When italian ships were being transferred to the Soviet Union, former Xª MAS commander prince Borghese has sworn to avenge the disgrace by exploding Giulio Cesare battleship at all costs. Prince Borghese kept his word. The reward for the implementers was fabulous. The operation site was explored and well-known. Those post-war years the Soviets were relaxed, no dams at the port entry, booms were used overnight only, though not blocking frogmen anyway. The preparation took a year. The implementers were eight frogmen after wartime sabotage training at the Black Sea. On the night of October 21, 1955, an ordinary cargo ship departed an italian port and headed for one of Dnepr ports to take a load of wheat. The heading and speed were carefully picked so as to pass 15 miles off the traverse of Chersonesos lighthouse on the midnight of October 26. Having arrived at the point, the ship released a small submarine from a special-purposed hatch in the bottom, and gone its way. The submarine named Piccolo covertly reached Omega (Kruglaya) bay area, where its crew deployed a hidden storage of diving cylinders, explosives, propulsion vehicles and other stuff. In darkness they returned back to the sea, waiting for a signal. When they received the signal, the italians returned to Omega bay to their storage, got into their diving suits, took the necessary stuff and used their propulsion vehicles moving to the pier of Novorossiysk. The visibility was terrible, so worked almost by touch. They returned to Omega bay twice for explosives, hidden inside magnetic cylinders. Having finished by the sunset, they returned to the base and entered the lock of Piccolo. Being in a hurry, they left forgotten their tool bag and a spare propeller for propulsion vehicle on the sea floor. Then reached high seas to wait for their ship for two days. Plunged under the bottom of the ship, closed the hatch and pumped out the water. Three long-awaited knocks on a bulkhead told that the operation is finished.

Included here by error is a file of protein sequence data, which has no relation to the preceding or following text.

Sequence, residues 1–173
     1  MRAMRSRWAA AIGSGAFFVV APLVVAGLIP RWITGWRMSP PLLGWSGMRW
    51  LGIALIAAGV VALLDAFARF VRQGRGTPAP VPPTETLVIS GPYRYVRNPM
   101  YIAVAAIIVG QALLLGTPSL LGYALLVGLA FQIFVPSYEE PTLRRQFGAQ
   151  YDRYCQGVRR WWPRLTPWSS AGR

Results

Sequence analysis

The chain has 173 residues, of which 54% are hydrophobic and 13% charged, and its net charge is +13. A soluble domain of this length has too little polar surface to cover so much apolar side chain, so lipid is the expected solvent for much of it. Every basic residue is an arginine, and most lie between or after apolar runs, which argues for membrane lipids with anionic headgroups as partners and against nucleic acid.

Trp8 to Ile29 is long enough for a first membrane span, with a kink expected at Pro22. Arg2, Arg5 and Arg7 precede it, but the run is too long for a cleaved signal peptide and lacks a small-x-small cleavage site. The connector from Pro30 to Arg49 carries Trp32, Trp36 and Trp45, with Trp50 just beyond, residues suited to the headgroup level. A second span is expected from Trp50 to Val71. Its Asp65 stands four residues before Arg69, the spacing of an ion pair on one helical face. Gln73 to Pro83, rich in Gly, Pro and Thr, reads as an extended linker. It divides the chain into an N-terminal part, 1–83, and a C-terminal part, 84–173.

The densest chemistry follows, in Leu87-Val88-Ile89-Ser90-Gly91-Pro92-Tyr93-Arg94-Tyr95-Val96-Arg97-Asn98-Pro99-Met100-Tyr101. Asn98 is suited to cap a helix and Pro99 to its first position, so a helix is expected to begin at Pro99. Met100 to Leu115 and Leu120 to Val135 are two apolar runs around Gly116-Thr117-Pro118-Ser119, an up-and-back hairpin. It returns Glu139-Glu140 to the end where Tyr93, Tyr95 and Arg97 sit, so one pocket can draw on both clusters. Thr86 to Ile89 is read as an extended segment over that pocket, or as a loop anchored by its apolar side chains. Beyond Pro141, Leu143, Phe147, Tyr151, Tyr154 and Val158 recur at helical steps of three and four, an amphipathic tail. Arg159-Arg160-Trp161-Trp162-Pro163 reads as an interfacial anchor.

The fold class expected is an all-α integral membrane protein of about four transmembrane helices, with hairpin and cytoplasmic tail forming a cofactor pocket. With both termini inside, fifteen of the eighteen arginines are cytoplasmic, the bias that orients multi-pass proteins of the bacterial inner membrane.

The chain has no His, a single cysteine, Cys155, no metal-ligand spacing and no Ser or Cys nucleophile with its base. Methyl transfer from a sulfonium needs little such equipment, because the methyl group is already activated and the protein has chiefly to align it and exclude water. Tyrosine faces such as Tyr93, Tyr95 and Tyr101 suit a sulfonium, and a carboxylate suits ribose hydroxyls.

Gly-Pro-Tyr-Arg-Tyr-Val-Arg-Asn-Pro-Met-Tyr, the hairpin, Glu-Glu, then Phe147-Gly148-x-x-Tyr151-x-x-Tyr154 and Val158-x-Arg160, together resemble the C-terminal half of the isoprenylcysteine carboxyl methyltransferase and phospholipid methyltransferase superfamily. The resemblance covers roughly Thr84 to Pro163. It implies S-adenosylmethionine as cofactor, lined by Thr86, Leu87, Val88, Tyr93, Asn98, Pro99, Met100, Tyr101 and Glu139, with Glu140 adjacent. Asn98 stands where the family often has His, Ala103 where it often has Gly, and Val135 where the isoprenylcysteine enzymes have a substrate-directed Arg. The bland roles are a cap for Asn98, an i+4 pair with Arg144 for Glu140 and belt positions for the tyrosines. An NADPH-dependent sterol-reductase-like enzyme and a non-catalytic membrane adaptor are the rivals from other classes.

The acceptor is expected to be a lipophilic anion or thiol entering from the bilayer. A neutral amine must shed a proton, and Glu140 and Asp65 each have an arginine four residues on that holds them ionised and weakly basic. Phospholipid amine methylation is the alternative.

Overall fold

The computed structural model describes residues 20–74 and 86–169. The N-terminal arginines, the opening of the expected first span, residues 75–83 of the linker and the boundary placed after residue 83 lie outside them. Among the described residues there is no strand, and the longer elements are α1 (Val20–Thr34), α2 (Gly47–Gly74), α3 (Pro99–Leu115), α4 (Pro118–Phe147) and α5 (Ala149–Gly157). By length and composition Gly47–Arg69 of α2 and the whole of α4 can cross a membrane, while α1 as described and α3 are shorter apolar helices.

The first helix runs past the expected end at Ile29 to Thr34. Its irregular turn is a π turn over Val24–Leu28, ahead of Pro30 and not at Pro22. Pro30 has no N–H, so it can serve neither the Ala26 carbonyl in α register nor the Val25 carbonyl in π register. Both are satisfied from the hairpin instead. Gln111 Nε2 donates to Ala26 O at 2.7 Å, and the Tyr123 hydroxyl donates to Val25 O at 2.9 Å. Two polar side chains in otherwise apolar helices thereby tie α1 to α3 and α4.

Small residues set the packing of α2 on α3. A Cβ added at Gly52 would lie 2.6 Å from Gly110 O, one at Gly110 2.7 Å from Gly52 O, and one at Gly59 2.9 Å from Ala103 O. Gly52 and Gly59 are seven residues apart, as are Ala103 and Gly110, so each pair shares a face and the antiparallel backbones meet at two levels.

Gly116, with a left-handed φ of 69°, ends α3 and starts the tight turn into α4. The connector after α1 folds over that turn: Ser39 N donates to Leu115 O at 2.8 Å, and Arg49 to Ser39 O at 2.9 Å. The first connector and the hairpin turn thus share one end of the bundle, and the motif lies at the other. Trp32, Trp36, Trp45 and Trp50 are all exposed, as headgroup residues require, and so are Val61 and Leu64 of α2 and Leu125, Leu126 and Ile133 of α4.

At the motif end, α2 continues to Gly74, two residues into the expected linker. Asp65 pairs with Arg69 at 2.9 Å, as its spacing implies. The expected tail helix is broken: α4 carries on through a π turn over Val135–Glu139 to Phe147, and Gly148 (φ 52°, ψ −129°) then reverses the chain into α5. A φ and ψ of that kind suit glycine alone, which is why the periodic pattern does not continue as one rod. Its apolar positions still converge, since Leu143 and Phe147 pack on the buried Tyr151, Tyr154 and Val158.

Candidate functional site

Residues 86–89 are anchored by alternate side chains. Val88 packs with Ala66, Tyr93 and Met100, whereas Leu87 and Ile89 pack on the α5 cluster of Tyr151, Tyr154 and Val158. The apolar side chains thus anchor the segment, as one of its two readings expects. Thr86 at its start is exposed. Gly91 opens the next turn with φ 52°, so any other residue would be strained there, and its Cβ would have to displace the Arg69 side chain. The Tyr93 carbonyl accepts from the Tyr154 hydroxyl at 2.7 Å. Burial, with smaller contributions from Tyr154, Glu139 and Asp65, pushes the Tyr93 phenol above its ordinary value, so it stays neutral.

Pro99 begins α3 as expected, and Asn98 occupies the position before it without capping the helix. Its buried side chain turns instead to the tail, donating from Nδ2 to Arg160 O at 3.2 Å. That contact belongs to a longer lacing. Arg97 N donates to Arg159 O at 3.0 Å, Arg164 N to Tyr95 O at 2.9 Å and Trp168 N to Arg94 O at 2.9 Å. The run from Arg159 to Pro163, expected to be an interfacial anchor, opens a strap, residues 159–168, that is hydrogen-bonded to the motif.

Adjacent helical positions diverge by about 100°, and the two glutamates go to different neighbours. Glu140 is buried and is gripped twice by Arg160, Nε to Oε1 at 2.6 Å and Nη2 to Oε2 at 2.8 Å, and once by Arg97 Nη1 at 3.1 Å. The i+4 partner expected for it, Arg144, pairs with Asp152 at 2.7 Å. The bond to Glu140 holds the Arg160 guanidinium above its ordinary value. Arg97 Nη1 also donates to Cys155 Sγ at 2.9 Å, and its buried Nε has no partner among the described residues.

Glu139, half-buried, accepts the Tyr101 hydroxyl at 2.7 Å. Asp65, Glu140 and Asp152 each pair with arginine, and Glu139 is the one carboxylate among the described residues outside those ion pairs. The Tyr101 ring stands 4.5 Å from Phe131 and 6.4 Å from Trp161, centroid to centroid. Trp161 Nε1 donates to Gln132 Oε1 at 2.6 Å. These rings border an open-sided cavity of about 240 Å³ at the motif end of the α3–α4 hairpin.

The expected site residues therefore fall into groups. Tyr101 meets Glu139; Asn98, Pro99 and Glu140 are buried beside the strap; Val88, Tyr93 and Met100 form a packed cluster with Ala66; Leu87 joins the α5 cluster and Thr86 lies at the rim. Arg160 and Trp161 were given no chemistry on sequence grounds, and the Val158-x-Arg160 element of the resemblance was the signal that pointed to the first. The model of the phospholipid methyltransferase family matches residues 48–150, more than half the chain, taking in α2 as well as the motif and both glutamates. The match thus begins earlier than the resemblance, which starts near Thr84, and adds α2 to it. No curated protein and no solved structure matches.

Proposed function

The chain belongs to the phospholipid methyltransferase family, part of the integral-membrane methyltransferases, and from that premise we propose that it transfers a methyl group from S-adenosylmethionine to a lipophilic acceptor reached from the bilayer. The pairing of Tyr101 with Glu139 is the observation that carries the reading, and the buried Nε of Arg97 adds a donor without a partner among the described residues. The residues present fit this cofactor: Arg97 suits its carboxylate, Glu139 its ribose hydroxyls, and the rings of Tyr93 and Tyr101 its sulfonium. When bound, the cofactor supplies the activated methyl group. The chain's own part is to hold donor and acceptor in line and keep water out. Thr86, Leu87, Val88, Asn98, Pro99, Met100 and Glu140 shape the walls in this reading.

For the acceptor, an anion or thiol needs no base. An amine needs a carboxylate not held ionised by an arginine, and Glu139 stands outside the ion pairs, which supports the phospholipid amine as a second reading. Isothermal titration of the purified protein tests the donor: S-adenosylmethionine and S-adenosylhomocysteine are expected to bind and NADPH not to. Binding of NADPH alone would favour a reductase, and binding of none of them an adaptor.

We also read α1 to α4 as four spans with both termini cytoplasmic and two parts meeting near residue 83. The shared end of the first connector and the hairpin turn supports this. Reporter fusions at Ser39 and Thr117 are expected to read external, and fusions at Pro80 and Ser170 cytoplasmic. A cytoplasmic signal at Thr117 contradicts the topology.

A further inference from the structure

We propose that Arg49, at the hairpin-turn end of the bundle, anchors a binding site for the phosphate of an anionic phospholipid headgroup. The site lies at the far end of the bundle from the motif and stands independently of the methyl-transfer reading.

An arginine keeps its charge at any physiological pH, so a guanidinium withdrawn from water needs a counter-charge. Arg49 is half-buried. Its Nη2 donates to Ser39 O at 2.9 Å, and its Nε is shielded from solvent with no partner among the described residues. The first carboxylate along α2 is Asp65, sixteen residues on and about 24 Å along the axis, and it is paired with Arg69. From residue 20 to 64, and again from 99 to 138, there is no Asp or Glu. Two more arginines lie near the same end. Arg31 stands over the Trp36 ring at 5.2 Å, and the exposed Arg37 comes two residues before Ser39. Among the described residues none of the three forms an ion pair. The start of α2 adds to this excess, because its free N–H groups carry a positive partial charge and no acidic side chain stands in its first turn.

In July 2013, Ugo d'Esposito, a former commando of Gamma group of the Decima Flottiglia MAS, a former member of the SIM and SD services and an expert in encrypted communications made an admission that commandos of the Xª MAS were in fact responsible for the explosion, after eight commandos of the Xª MAS (formally disbanded in 1945), implementing the orders of the Italian services and acting on behalf of NATO, placed bombs on the keel of the ship.[4]